.Antiquity hunters and collectors tend to stress that those archaeologists who oppose the status quo in artefect hunting and antiquities market as out-of-touch 'dinosaurs', unwilling to fall into step with their more progressive and liberal-minded ("anything goes") colleagues who support, condone and eagerly await the appearance ('from underground") of new finds from artefact hunting. People like "Never back Down" UK detectorist John Howland writing on the Dick Stout blog:
some archaeologists are slowly realising that we are a valuable resource that can considerably assist their endeavours, and importantly, respect our methodology.I was struck by the tone of an abstract of an article published last year which seems likely to place a different slant on this type of 'partnership'. I wonder whether it is in the reading list on "portable antiquity issues" that the PAS have for public benefit on their website? The text is called "Congenial Bedfellows? The Academy and the Antiquities Trade" and was published (November 2011) in the Journal of Contemporary Criminal Justice November 2011 27: 408-437 and the abstract goes like this:
The illicit trade in antiquities and other cultural objects is socially harmful in several respects. Private collectors and museums are generally considered culpable in providing end demand by acquiring illicitly traded objects, but this article suggests that the facilitating actions of academic experts have previously been overlooked. Through a series of case studies, it examines different ways in which academic expertise is indispensable for the efficient functioning of the trade and suggests that a knowledge-based ethical environment for academic practice would allow scholars to make more informed choices about the propriety or otherwise of their involvement with the trade.I'd note two things here. The first that the Journal of Contemporary Criminal Justice seemingly has no issues with the notion that it is private collectors and museums are generally considered culpable in providing end demand by acquiring illicitly traded objects - in other words the tenet which those involved in the no-questions-asked trade strenuously deny: "collectors are the real looters". Secondly I find it interesting that the text's author identifies the problem as the inability of "scholars to make more informed choices about the propriety or otherwise of their involvement with the trade". I would broaden that to "with artefact hunting" as the two are inextricably related. I made a sarcastic remark about Britain's mega-million public funded outreach Scheme for dealing with portable antiquities issues having a website where the public who pay for it can find information on the issues surrounding collecting of archaeological artefacts. I invite my readers to search it for even a smidgen of information for the general public who pay for it can find information on the issues surrounding collecting of archaeological artefacts. Where is the bibliography containing the link to that article? Nowhere. The PAS do not consider it part of their 14-million-quid outreach to provide such a basic piece of information even as a few dozen bibliographic references, so if the PAS is not going to do it in Britain, who is? (see the 1970 UNESCO Convention article 10).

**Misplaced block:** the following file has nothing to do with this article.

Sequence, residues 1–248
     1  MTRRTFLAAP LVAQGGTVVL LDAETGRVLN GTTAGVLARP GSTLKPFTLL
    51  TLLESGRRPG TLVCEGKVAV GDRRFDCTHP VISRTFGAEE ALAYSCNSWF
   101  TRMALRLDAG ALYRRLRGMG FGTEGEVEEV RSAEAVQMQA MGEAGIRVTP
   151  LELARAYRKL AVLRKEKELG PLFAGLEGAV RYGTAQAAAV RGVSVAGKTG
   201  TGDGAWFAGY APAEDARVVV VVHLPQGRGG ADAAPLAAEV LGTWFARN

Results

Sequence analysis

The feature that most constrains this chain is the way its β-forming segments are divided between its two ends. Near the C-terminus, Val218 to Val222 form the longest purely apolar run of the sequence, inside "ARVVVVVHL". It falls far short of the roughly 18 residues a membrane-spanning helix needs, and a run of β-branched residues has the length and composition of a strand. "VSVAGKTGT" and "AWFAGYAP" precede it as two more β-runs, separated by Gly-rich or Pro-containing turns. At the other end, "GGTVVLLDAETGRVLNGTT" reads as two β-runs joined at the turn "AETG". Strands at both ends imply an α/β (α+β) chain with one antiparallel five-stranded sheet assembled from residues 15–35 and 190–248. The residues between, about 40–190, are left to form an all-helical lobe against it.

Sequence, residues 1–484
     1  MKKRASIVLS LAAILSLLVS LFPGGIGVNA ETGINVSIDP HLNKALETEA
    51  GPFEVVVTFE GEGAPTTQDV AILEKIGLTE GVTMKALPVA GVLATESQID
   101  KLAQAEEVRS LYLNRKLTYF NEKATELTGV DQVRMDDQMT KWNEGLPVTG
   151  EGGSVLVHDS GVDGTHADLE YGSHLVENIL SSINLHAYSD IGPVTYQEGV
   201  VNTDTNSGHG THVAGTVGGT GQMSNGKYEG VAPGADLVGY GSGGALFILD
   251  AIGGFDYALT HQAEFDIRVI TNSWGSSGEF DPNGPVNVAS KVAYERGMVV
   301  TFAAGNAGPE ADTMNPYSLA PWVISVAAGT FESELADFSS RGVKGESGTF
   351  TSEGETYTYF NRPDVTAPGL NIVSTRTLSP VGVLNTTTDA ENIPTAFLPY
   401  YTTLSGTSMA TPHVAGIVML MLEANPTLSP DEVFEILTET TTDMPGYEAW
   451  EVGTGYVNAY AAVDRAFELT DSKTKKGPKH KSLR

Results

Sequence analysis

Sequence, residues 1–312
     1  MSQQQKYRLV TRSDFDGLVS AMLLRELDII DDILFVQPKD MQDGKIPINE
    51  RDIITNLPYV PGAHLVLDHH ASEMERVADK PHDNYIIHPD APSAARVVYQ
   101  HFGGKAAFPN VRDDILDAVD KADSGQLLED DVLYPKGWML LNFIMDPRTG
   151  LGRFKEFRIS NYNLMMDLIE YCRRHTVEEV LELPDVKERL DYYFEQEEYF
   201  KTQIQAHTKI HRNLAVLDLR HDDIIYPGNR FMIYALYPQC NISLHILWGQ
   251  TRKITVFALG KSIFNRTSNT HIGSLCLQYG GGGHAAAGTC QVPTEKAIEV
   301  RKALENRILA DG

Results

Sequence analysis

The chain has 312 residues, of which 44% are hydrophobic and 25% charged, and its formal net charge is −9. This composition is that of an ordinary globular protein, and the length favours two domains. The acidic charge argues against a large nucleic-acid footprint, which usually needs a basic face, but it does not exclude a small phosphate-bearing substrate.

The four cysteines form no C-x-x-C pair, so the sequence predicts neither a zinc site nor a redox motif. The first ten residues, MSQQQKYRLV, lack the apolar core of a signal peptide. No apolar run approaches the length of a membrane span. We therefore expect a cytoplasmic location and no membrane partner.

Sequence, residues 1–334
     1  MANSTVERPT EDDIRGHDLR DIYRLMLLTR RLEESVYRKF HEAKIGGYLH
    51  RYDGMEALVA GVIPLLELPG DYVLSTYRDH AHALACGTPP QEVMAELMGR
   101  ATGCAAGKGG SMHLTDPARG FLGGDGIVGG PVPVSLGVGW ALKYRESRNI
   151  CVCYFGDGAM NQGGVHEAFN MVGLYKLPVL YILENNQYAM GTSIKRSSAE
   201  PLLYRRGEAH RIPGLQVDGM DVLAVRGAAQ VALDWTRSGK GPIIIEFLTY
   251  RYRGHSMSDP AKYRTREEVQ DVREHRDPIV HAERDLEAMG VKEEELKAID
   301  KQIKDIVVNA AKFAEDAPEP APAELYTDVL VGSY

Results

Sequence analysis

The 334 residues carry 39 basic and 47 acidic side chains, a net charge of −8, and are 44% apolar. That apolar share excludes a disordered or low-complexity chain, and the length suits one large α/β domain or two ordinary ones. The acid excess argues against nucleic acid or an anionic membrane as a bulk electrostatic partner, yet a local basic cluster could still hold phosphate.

On what basis are archaeologists at present in Britain making their decisions to make more informed choices about the propriety or otherwise of their involvement with artefact hunting and the trade? Certainly, I would suggest, nothing balanced coming from the PAS. The latter just present one side (the 'propaganda of [their own] success') of the story.
Vignette: congenial in bed with the archaeologists.